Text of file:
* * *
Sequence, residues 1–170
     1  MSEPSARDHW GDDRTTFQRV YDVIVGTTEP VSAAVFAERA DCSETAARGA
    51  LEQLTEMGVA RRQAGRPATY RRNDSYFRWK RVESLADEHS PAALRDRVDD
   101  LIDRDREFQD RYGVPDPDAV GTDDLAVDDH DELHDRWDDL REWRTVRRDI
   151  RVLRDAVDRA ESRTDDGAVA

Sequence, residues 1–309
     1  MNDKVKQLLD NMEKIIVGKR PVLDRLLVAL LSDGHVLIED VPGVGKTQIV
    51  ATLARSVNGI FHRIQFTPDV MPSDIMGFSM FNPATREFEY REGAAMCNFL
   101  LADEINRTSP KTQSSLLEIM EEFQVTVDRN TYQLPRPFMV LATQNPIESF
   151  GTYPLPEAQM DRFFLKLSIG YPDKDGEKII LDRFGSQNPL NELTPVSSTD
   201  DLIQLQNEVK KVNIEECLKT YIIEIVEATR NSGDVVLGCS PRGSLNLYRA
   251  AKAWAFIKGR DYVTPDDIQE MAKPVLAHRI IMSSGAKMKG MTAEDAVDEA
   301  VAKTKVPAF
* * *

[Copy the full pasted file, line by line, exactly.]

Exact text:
Sequence, residues 1–170
     1  MSEPSARDHW GDDRTTFQRV YDVIVGTTEP VSAAVFAERA DCSETAARGA
    51  LEQLTEMGVA RRQAGRPATY RRNDSYFRWK RVESLADEHS PAALRDRVDD
   101  LIDRDREFQD RYGVPDPDAV GTDDLAVDDH DELHDRWDDL REWRTVRRDI
   151  RVLRDAVDRA ESRTDDGAVA

Sequence, residues 1–309
     1  MNDKVKQLLD NMEKIIVGKR PVLDRLLVAL LSDGHVLIED VPGVGKTQIV
    51  ATLARSVNGI FHRIQFTPDV MPSDIMGFSM FNPATREFEY REGAAMCNFL
   101  LADEINRTSP KTQSSLLEIM EEFQVTVDRN TYQLPRPFMV LATQNPIESF
   151  GTYPLPEAQM DRFFLKLSIG YPDKDGEKII LDRFGSQNPL NELTPVSSTD
   201  DLIQLQNEVK KVNIEECLKT YIIEIVEATR NSGDVVLGCS PRGSLNLYRA
   251  AKAWAFIKGR DYVTPDDIQE MAKPVLAHRI IMSSGAKMKG MTAEDAVDEA
   301  VAKTKVPAF